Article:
Human Resources
Why Not Just Use My Gut and Save a Ton of Cash?


Why Not Just Use My Gut and Save a Ton of Cash?


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Feb 23, 2017 | by Michael Heil


The Problem
I’ve had hiring managers tell me that they can save a lot of money by discarding selection assessments and following their gut when evaluating candidates. This claim has often been based on a belief that selection tests are not valid if they produce results that conflict with the hiring manager’s expectations. Bottom line: Someone they know and with whom they have prior experience did not score as well as expected, so this must mean there is something wrong with the test.

I understand this logic. If I perform poorly on a test, I assume that there must be something wrong with the test because my score clearly doesn’t reflect my abilities. Unfortunately, my family, friends, and employer have painstakingly created charts and graphs illustrating my strengths and weaknesses, all in an effort to help me better align my self-perception with reality. I suppose that this type of misperception is just one reason why test scores and expectations might diverge.

Other potential reasons: Maybe the candidate just had a bad test day or didn’t put forth his/her best effort. Or maybe the hiring manager’s assessment of the candidate is based on one set of required competencies and the test assesses another.

Complaints about the test’s validity seem to imply that the test failed to identify highly qualified candidates, but is that really true? Is there any reason to believe that the high scorers won’t succeed on the job? If the scores don’t turn out as expected and I want to declare the test invalid, maybe it’s time to reevaluate my objective. What is my real goal? To hire a particular person or to hire the best candidate? If the test results don’t turn out as I expected, I have a choice. I can admit that maybe my favored candidate is not the most qualified, I can blame the test and shake my fist at the sky, or I can realize that maybe I now have something even better than expected…a hidden gem who exceeds my expectations. Someone who’ll excel on the job.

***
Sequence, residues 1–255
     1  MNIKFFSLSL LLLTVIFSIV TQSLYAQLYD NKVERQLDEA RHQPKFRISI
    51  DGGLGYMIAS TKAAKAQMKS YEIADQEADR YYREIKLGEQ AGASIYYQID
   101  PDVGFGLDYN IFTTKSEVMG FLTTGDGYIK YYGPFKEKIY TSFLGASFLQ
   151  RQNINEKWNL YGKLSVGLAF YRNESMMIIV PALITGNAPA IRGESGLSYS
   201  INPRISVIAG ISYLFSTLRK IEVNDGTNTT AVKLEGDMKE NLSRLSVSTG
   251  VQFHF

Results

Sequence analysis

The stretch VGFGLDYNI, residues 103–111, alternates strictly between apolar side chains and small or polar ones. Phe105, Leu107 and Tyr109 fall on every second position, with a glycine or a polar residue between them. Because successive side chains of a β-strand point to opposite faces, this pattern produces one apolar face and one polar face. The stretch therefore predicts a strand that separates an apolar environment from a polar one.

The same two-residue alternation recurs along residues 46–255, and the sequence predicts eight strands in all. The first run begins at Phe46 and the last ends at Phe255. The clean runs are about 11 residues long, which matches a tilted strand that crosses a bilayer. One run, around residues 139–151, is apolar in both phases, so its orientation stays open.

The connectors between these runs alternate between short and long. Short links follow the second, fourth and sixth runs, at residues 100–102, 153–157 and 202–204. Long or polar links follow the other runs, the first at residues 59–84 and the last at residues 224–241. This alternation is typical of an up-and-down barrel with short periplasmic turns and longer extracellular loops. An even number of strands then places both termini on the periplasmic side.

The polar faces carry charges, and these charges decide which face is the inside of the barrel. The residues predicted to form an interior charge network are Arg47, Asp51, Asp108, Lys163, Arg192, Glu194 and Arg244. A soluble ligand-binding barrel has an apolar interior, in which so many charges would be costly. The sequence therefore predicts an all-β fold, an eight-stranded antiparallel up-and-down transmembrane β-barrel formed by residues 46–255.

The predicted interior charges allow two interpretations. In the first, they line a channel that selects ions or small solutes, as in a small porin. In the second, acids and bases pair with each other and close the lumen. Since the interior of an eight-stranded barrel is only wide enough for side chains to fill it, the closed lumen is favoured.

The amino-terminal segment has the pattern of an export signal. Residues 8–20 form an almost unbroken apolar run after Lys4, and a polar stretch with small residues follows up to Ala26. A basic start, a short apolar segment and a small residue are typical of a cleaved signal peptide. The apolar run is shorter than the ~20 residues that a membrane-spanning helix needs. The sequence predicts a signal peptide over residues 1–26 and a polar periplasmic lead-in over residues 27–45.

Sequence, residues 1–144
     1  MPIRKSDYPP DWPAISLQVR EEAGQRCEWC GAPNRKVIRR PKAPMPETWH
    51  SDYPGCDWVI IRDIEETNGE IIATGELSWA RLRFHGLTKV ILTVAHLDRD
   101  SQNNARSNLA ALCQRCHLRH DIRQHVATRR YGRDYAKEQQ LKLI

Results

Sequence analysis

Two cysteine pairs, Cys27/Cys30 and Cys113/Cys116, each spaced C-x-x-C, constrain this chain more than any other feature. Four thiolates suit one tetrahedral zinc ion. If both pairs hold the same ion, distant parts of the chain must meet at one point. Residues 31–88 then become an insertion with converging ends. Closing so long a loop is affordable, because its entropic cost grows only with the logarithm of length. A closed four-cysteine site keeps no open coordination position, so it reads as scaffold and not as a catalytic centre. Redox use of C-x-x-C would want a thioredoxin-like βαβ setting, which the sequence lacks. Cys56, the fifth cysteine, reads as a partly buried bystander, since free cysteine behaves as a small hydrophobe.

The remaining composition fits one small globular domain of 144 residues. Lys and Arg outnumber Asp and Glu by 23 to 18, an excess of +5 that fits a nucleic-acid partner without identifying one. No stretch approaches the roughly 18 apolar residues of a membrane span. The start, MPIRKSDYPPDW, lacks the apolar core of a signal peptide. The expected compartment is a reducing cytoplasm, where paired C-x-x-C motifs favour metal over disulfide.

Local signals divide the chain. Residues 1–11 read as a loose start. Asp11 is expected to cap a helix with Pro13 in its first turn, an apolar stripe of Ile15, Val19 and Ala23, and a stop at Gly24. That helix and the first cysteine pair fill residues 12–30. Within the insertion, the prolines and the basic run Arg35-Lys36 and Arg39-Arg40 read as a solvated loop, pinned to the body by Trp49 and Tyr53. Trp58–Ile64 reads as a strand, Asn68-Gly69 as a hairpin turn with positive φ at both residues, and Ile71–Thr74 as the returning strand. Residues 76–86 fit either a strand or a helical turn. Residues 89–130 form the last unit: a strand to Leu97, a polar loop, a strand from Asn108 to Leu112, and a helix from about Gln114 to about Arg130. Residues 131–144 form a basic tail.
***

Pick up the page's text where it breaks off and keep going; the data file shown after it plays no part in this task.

The Risks
Despite valid reasons for lower than expected scores, a mistrust of selection tests may persist and result in managers foregoing tests and hiring based on their gut feeling. I mean no offense to people who make gut-based decisions, but I’m not sure that’s the best way to identify top talent. First of all, pulling my gut out for every applicant could get exhausting. How many people do I need to evaluate? All of them? Only some? If not all, then how do I decide who should be evaluated? Am I basing the gut check on resumes, interviews, or some other type of data? What is the time investment required for this process? Second, I dare say that my gut doesn’t always make the best decisions. I submit a beta max, a bad 80’s perm, a minor in Philosophy, and more marriages than I care to admit as evidence to support my claim.

What if my gut reaction is based on the strength of the candidates’ social skills, words on a resume, and/or my personal reactions to the candidate?  I may end up failing to evaluate competencies that are critical to successful performance, which means I may hire someone who either fails or performs work at a mediocre level. What may seem like a cheap selection process ends up costing me in lost productivity and/or recruitment and training costs if I need to replace the new hire. What if my decisions are challenged in court? Can I defend gut decisions? Wouldn’t I rather be in court with the backing of a test development/ validation process that complies with legal/ professional guidelines and standards?

The Solution
If you’re a hiring manager, I’m not saying that you shouldn’t use your gut; just that you need to have the right balance of intuition and science.  The science comes into play with the development, validation, and implementation of selection tests. In addition to being valid and legally defensible, these tests provide objective data you can use to evaluate the candidates.

You can then use this information in conjunction with your knowledge/ expertise of what is needed for the job…along with what your gut is telling you about who will succeed in the specific role. A good example of this balance is the hiring manager who interviews her top 3 to 4 candidates, as identified through test scores, then makes her selection based on her gut feeling about which of the candidates is most likely to succeed in the role.

There are a lot of factors to consider when making a decision about selection tests, including the size of your workforce, hiring needs, expected test volume, costs, legal defensibility, goals, etc. Although using your gut seems cheaper than using tests, investment in the correct tests can result in a substantial return on investment due to hiring the best quality candidates . Contact Mike Heil for more information.

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